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84% Indians Hope to Retain Their Jobs Despite Automation: WEF

Indians see automation, but hopeful of keeping jobs

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Indians jobs
Although majority of Indians think their jobs would be automated in the next 10 years, 84 per cent hope to retain their jobs. (Representational Image) Pixabay

Although majority of Indians think their jobs would be automated in the next 10 years, 84 per cent hope to retain their jobs, supported by their skills, according to a report by World Economic Forum (WEF) and Ipsos.

India tops the list in terms of expectation of jobs automation, as around 71 per cent respondents expect their jobs to be automated. Saudi Arabia comes second with 56 per cent respondents expecting jobs getting automated, and in China 55 per cent respondents feel the same.

“Interestingly, 84 per cent of urban Indians polled are confident of keeping their jobs, using the skills they possess. The survey also shows across all markets, Indians are most confident, followed by the Netherlands (83 per cent) and the US (82 per cent),” the report said.

Indians jobs
Indians realise while automation is likely they know it will act as an enabler to improve efficiencies in deliverability. Pixabay

The markets least confident of holding onto their jobs in the face of automation, include Japan (23 per cent), South Korea (33 per cent) and Russia (50 per cent).

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Commenting on the survey, Parijat Chakraborty of Ipsos India said, “Indian job market is hierarchy driven, promotions are skills and performance-led. Indians realise while automation is likely they know it will act as an enabler to improve efficiencies in deliverability; human intellect, skill-sets and capital will still be needed to get the job done.” (IANS)

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US Commission Urges India to Take Steps to Resolve Communal Riots in New Delhi

US Commission Demands India Act After Religious Riots

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New Delhi Riots
A resident look at burnt-out and damaged residential premises and shops following clashes between people supporting and opposing a contentious amendment to India's citizenship law, in New Delhi. VOA

A U.S. government commission on Wednesday faulted India’s response to deadly communal riots in New Delhi and urged the government to take swift action to protect the Muslim minority.

The U.S. Commission on International Religious Freedom, which advises the U.S. government but does not set policy, voiced “grave concern” about the violence which broke out as President Donald Trump was visiting.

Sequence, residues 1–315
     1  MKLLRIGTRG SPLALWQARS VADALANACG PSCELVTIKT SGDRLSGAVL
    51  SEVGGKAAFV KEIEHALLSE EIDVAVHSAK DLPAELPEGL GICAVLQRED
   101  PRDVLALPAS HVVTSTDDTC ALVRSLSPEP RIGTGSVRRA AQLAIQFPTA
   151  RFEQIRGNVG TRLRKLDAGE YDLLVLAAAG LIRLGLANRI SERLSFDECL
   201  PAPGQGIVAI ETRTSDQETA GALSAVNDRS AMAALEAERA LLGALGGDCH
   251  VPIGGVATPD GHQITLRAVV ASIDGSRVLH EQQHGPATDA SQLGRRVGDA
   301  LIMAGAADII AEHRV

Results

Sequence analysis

“One of the essential duties of any responsible government is to provide protection and physical security for its citizens, regardless of faith,” said chairman Tony Perkins, a conservative Christian close to the Trump administration. “We urge the Indian government to take serious efforts to protect Muslims and others targeted by mob violence,” he said in a statement.

Anurima Bhargava, a commissioner appointed by Democratic House Speaker Nancy Pelosi, voiced alarm at reports that Delhi police “have not intervened in violent attacks against Muslims.” “The brutal and unchecked violence growing across Delhi cannot continue,” she said. “The Indian government must take swift action to ensure the safety of all of its citizens.”

New Delhi Riots
Firefighters stand near a fire rescue vehicle as they douse burnt-out tyre market premises following clashes between people supporting and opposing a contentious amendment to India’s citizenship law, in New Delhi. VOA

The criticism stands in contrast to the reticence of elected U.S. leaders. Trump, asked at a news conference in Delhi about the violence, said the issue was “up to India” and praised Prime Minister Narendra Modi’s “incredible” statements on religious freedom.

The clashes in Delhi, which have left at least 27 people dead, were triggered by protests against a citizenship law seen by critics as anti-Muslim and part of Modi’s Hindu nationalist agenda. Modi has called for calm, although witnesses said police did little to stop Hindu mobs.

His government has previously vowed to weed out “infiltrators” from India, with Home Minister Amit Shah likening undocumented immigrants to “termites. The government says the citizenship law does not target minorities but instead ensures protection for non-Muslims persecuted in neighboring countries.

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The Indian foreign ministry previously reprimanded the U.S. Commission for International Religious Freedom for denouncing the citizenship law. The commission also plans a public hearing next week on how citizenship laws, including in India and Myanmar, are used to target religious minorities. (VOA)